President Donald Trump is set to meet with Vladimir Putin at the G-20 this week, and one big question is whether Trump will warn the Russian leader against launching another attack on our political system.
We can guess the answer to that — he won’t, because he stands to benefit. But that should renew attention to the steps we could be taking to fortify our elections against outside interference, but aren’t, largely because Trump doesn’t want us to, and because Senate Majority Leader Mitch McConnell is blocking many such efforts.
The causes for worry are mounting.
Sen. Ron Wyden, D-Ore., a member of the Intelligence Committee, has studied the threat of election interference. Wyden and 14-cosponsors have introduced the Protecting American Votes and Elections Act, or PAVE Act, which would mandate paper ballots and strict election cybersecurity standards.
I spoke to Wyden about his worries. An edited and condensed version of our conversation follows.
Question: What do you fear most in elections to come?
Wyden: As of today, the election interference of 2020 by hostile foreign powers — and I’m not just talking about the Russians — is going to make 2016 look like small potatoes.
Question: You know this from intelligence you’ve seen?
Wyden: I’m on the Intelligence Committee. I can’t get into classified matters. But as of right now, there’s going to be more election interference in 2020. Messing with voter registration databases and election reporting websites. Hacking and dumping emails. They’re gonna go after social media.
The voting machine companies have long made their money by selling insecure voting machines. Now they’re going to barcodes and hybrids and the like, which make them money, but don’t give us security.
Question: What is the single biggest thing we can do to secure our elections against these threats?
Wyden: Pass the PAVE Act. It requires hand-marked paper ballots. It makes it harder to hack, and easier to do a manual recount. Then you have required cyber-audits after an election to determine who interfered.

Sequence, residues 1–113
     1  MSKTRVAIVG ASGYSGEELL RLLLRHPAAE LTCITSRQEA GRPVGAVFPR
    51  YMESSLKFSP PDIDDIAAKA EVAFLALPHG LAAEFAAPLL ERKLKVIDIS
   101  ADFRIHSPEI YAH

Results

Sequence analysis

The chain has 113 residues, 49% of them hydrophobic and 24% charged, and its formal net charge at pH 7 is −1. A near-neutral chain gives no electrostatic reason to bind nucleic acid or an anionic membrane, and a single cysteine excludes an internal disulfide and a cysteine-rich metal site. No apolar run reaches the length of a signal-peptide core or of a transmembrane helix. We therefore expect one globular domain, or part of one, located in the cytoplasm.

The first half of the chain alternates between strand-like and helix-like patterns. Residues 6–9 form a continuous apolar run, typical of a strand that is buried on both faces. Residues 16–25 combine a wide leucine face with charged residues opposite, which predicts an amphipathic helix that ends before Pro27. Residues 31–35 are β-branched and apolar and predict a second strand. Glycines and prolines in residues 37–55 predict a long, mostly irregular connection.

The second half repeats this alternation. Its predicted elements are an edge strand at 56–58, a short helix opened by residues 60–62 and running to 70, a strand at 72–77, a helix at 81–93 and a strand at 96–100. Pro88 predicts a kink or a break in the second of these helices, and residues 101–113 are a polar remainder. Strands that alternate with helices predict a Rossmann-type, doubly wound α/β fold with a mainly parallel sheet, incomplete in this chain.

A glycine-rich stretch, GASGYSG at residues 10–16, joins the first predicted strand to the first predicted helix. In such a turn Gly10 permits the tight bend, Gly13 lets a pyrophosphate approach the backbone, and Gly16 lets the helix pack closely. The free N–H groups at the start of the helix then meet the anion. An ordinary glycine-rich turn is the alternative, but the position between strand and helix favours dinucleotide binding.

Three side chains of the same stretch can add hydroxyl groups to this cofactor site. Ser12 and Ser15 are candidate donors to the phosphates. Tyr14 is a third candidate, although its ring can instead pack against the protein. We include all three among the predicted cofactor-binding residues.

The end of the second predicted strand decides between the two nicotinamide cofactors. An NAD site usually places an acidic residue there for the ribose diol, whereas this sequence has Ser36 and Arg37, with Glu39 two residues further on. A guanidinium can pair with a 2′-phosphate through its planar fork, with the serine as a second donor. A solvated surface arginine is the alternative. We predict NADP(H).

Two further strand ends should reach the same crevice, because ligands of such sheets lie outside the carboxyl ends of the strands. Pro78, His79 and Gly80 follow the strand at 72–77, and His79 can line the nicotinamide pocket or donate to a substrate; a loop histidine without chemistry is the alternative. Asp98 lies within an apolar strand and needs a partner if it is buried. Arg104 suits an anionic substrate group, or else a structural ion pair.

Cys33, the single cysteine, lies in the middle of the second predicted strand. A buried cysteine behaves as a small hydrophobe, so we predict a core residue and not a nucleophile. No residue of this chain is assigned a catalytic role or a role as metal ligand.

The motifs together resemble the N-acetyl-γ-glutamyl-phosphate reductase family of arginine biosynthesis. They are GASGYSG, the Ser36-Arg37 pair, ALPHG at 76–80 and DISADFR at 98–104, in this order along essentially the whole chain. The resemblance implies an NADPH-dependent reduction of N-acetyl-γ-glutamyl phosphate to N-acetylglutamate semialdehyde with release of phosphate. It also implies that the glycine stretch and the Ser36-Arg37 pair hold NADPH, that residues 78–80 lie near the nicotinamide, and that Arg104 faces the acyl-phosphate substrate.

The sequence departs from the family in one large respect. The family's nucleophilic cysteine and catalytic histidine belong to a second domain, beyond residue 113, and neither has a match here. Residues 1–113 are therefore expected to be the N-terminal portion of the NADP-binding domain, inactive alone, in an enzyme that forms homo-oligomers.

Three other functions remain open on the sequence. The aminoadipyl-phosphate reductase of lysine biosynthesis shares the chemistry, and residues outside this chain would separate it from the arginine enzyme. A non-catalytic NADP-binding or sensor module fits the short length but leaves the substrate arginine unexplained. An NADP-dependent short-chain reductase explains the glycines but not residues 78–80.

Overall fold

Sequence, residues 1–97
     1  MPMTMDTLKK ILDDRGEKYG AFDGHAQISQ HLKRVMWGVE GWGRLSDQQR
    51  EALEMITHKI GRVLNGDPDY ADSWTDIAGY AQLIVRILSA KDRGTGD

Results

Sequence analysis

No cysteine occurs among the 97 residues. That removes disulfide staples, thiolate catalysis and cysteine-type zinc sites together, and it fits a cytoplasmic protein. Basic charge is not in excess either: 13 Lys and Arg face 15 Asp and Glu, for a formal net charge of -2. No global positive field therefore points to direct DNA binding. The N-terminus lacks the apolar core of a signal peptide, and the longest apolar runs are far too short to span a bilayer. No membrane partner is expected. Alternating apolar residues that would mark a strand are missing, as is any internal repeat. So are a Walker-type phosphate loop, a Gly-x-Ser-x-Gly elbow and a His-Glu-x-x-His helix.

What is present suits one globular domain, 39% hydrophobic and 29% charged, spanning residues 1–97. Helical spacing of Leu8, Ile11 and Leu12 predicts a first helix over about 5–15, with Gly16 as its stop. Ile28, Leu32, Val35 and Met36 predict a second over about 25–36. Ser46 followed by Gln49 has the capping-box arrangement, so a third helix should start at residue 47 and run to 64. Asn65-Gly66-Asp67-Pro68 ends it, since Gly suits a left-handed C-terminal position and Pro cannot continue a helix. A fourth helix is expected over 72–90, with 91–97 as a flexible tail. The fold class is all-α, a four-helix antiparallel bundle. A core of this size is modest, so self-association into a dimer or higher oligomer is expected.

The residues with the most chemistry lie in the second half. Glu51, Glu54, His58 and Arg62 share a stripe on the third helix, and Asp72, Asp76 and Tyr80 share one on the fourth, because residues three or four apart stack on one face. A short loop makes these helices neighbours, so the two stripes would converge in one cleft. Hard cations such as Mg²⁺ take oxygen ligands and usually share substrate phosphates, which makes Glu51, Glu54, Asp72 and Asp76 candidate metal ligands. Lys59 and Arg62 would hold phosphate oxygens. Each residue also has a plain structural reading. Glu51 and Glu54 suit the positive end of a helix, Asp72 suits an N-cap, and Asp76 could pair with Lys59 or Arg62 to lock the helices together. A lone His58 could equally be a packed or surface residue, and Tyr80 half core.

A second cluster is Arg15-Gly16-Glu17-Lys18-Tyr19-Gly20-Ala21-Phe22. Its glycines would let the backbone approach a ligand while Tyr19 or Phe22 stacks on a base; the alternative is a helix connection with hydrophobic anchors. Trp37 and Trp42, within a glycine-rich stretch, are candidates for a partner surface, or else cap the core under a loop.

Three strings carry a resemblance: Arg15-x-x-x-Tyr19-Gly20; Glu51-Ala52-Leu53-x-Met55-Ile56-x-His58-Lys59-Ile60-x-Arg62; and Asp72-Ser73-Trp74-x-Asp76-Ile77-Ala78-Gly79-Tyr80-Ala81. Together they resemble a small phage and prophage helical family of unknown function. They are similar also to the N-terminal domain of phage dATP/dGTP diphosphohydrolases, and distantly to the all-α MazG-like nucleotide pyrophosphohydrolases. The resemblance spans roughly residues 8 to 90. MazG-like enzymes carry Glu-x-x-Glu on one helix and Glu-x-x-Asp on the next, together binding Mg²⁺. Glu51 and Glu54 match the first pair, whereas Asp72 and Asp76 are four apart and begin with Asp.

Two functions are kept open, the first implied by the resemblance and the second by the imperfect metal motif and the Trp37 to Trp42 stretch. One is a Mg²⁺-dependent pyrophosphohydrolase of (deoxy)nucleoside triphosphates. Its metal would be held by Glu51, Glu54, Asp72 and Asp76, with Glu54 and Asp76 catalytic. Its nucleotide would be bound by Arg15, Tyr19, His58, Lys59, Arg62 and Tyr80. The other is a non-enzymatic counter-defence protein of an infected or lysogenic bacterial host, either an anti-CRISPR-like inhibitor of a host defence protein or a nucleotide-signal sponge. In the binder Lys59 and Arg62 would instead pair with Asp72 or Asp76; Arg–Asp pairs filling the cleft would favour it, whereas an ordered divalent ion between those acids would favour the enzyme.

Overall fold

You also have required cybersecurity measures, so that you don’t have, for example, an open voting machine connection to the internet with wireless.
We’ve got a four-month window. You’ve got to have it up and running by October of 2019 to be ready by October 2020.
Question: Let’s say the bill doesn’t go through. Is there really serious grounds for fearing a hacking of the votes themselves?
Wyden: Unless you have a forensic analysis, nobody really can tell you whether votes were changed. We would provide money for cybersecurity audits. And you don’t need to hack votes to cause chaos. If you’re altering voter registration data to suppress votes, you’re on your way to faking the election.
Question: How does the PAVE Act deal with that?
Wyden: The third part of the package — cybersecurity hygiene — makes it tougher to hack voter registration systems and e-poll books and the like.
Republican governors — who already have done everything they can to suppress the vote — will say, “Nothing has to change around here.”
My proposal is mandatory. It’s mandatory to have hand-marked paper ballots, audits, and cybersecurity.
Question: Intelligence indicates a serious concern about this type of hacking, such as efforts to tamper with voter registration data by foreign powers?
Wyden: The intelligence leadership said, “Hey, there’s red lights blaring here!” Those are all areas I think are very vulnerable.
Question: There seems to be a movement underway among some state Democratic Party chairs to create a partywide stance, under which all Democratic candidates would pledge not to use hacked or illicit data or disinformation. Should the national party adopt that position?
Wyden: Yes. If you’re going to have the strongest possible deterrent, you need all hands rowing. It’s important to send that signal.
Question: Beyond the obvious importance of securing our elections, aren’t we talking about a much bigger global showdown?
Wyden: Authoritarians all over the world are pulling out all the stops to roll back the liberal democratic order. There is no guarantee that democracy is going to be the same when they’re done.
Putin is trying to undermine support for democracy by interfering in our elections and across Europe. China is pushing authoritarian quasi-capitalism and trying to sell the proposition that surveillance and repression are more stable than open societies.
And you have demagogues in Europe stoking nationalism, playing on victimhood, exploiting fears of immigrants and trade. Some nationalist movements have increasing links to American hate groups.
Question: It seems as if the tide is really rising.
Wyden: That’s why it’s so important to understand that the reforms that we’d make would protect us, but also help to turn the tide against authoritarians around the world.
The Israeli diplomat Abba Eban once said, “Americans always get it right — after they’ve tried everything else.” We’re seeing the “everything else” right now.
— Greg Sargent writes a blog for The Washington Post.